Each person in a group of seven people speaks at most two languages, while among every three of them there are at least two who can communicate. Prove that there are three people who speak a common language.

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- February 25th 2008, 12:03 AMperashseven people
Each person in a group of seven people speaks at most two languages, while among every three of them there are at least two who can communicate. Prove that there are three people who speak a common language.

- February 25th 2008, 09:10 PMThePerfectHacker
Consider seven people. Fix one of the people. Now create three groups where the other two are disjoint (from all other ones) and the third stays fixed. Thus, we have people 1,2 speak same language; 3,4 speak same language; 5,6 speak same language. If any those speak the same language the proof is complete. Assume that they are distinct, for definiteness suppose: 1,2 speak English; 3,4 speak French; 5,6 speak German. Now if 7 speaks either one of the three languages the proof is complete. Assume that 7 speaks two new languages (or one new language, it would not matter) say Russian and Spanish.

Pick person 1 (English), 3 (French), 7 (Russian, Spanish). Between these three people a common language is spoken. There are two cases: (i) 1 and 3 speak a common language, say American (ii) either 1 or 3 speak Russian or Spanish.

In case (i) the proof is almost complete. Now pick 3 (American, French), 5 (German), 7 (Russian, French). Now 5 needs to speak a common language with 7 or 3 thus he speaks either Russian or Spanish or French or American. If it is French or American proof is complete. Say then 5 speaks Russian. Go to 1,3,6 similar situation thus either Russian or Spranish or French or American. If French or English proof is complete. If Russian proof is complete because now 5 speaks Russian too, so say he speaks Spanish. But then repeating this argument with 2,3,7 we get by pigeonholing that 2 speaks Russian or Spanish (if he does not speak American). In any way we twist it, it works.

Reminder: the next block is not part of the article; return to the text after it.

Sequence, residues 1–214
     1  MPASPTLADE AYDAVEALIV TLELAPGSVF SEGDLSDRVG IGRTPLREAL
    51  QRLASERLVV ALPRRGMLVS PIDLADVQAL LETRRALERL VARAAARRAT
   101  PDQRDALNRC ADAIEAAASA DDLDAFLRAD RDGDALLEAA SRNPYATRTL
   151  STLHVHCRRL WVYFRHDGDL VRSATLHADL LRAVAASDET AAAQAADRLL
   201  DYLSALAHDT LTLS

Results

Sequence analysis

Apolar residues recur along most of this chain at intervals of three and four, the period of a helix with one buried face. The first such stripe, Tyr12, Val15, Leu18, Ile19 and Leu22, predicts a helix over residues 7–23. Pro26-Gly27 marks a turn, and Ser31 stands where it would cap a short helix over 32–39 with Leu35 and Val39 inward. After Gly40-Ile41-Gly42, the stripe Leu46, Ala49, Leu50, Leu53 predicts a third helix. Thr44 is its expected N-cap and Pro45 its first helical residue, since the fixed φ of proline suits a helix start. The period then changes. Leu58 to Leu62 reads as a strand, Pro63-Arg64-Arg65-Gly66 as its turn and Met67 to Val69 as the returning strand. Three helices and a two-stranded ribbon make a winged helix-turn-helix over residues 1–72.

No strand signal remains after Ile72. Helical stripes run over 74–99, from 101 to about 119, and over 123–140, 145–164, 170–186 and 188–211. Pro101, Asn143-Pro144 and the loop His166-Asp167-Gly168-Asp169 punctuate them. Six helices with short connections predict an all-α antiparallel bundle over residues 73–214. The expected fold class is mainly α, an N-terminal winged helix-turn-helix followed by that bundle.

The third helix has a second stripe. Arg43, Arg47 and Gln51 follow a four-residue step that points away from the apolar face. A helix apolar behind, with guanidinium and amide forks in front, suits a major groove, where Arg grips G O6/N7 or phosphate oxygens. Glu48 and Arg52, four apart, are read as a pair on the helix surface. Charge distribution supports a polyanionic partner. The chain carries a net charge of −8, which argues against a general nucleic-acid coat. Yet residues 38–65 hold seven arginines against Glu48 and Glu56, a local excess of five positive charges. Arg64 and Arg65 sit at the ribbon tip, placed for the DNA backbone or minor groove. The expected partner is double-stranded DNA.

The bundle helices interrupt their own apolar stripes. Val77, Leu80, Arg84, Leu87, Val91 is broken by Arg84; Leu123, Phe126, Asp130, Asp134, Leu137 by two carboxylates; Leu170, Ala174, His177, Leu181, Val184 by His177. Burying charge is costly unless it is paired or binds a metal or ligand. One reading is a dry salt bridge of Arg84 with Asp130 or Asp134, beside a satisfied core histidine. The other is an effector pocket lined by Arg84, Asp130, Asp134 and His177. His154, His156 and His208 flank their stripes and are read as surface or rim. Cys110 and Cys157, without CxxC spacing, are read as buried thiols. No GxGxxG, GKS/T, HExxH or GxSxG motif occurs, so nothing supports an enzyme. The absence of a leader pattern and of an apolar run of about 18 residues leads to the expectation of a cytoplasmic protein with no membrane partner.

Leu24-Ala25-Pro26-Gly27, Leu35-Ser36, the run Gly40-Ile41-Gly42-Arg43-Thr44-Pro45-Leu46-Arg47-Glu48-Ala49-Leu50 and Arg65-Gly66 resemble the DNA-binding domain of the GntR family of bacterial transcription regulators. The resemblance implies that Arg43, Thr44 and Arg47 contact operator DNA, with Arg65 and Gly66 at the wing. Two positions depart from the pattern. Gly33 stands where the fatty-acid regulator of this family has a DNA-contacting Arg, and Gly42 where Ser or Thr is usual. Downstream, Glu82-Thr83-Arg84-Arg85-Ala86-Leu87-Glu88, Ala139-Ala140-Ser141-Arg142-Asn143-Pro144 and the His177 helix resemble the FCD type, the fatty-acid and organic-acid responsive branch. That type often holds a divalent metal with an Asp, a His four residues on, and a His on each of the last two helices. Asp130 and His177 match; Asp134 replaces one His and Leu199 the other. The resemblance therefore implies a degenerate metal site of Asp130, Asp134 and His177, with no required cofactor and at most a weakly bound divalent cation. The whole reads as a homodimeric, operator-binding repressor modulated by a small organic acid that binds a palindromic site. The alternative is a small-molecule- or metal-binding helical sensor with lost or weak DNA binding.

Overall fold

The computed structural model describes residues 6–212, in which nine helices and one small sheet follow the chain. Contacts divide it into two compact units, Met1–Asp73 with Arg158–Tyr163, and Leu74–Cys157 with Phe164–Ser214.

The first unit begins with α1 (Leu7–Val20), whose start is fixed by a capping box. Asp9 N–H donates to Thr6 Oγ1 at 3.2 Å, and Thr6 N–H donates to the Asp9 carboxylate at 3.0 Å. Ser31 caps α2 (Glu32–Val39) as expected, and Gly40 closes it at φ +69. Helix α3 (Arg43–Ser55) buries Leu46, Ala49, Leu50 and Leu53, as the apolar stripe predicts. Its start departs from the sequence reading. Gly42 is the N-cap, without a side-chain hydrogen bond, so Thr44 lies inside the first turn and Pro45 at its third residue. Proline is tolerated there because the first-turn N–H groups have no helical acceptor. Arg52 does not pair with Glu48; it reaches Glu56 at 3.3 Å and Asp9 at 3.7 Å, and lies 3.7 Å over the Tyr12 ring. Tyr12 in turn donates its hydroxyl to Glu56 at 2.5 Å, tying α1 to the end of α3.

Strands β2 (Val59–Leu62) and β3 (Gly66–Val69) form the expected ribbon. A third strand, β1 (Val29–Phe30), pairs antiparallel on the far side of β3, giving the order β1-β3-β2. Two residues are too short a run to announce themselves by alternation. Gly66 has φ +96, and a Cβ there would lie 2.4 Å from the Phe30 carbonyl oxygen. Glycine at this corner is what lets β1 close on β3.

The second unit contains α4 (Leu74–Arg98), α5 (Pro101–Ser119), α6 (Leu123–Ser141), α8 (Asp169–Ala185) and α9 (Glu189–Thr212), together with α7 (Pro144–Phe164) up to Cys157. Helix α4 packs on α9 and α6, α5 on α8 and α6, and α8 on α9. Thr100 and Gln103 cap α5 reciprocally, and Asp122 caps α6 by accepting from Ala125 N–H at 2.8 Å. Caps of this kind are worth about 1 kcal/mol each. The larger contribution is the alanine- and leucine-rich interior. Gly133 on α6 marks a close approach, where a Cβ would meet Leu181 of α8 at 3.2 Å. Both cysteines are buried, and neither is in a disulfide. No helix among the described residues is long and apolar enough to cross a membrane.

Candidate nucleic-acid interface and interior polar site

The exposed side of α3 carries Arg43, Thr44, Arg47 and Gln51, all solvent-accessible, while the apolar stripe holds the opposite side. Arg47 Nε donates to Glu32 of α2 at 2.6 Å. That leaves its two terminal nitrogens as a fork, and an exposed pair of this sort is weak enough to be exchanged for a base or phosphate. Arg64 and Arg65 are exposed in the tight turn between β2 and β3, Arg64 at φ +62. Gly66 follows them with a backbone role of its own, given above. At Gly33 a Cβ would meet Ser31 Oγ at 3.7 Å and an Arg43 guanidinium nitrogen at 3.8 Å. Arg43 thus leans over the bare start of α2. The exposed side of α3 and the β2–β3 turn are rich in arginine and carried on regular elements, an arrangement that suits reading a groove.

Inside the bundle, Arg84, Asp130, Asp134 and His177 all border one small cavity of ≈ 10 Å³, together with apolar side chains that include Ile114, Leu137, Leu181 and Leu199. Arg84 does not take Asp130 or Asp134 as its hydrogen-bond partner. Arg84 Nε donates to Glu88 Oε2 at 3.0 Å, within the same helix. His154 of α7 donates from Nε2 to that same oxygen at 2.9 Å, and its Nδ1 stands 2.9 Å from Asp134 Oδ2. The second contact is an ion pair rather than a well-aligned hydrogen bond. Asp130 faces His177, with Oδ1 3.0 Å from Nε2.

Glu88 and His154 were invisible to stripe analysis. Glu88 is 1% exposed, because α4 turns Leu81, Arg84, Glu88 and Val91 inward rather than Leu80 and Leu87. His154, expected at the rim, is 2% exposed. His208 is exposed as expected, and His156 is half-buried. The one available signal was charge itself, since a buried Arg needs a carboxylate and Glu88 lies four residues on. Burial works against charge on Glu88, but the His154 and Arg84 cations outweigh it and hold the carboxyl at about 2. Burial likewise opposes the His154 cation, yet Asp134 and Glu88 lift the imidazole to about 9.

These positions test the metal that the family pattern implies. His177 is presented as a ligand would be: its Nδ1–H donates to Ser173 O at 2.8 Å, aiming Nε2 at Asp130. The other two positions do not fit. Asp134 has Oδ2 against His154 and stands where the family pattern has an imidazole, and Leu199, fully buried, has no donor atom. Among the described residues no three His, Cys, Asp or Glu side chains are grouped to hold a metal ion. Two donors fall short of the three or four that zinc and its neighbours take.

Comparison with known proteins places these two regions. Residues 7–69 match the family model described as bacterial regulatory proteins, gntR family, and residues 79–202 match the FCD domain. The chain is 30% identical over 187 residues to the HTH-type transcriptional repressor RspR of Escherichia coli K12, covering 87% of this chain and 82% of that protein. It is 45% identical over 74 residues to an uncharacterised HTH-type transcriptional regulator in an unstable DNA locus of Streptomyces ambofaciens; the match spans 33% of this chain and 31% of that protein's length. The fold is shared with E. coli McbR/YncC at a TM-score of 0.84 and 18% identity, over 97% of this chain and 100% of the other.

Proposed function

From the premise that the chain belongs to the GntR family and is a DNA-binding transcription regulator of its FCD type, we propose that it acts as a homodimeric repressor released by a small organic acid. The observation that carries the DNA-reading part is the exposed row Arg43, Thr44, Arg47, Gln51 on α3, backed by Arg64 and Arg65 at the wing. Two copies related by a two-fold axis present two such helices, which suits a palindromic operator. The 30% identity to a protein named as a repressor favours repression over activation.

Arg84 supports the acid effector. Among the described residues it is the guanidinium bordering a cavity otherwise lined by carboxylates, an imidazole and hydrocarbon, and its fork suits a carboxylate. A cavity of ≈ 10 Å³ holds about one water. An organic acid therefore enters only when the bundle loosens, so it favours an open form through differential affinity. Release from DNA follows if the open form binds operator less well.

In case (ii) the proof can be brought to case (i). We choose 1,3,7 and said 1 speaks Russian (say). Now choose 2,3,7 it can be like in case (i) in that case it use case (i) and proof complete otherwise 2 or 3 speak Russian of Spanish, if Russian proof complete, so say Spanish. But then again do it with 2,4,7 if it is like case (i) then proof complete otherwise it will be by case (ii) and by pigeonholing if we always get type (ii) occurences then there are three people with a common language.

This can be made a lot nicer, sorry for this ugly demonstration.